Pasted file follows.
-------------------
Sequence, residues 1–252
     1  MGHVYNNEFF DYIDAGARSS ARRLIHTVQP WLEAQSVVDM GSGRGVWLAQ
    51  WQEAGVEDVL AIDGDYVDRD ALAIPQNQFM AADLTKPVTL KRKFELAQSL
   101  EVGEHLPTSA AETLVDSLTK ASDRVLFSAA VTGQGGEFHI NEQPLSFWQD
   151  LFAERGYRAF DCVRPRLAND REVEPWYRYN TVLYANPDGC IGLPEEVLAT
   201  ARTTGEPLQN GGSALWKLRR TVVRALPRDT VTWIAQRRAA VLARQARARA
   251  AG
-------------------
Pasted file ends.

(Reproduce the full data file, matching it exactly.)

Sequence, residues 1–252
     1  MGHVYNNEFF DYIDAGARSS ARRLIHTVQP WLEAQSVVDM GSGRGVWLAQ
    51  WQEAGVEDVL AIDGDYVDRD ALAIPQNQFM AADLTKPVTL KRKFELAQSL
   101  EVGEHLPTSA AETLVDSLTK ASDRVLFSAA VTGQGGEFHI NEQPLSFWQD
   151  LFAERGYRAF DCVRPRLAND REVEPWYRYN TVLYANPDGC IGLPEEVLAT
   201  ARTTGEPLQN GGSALWKLRR TVVRALPRDT VTWIAQRRAA VLARQARARA
   251  AG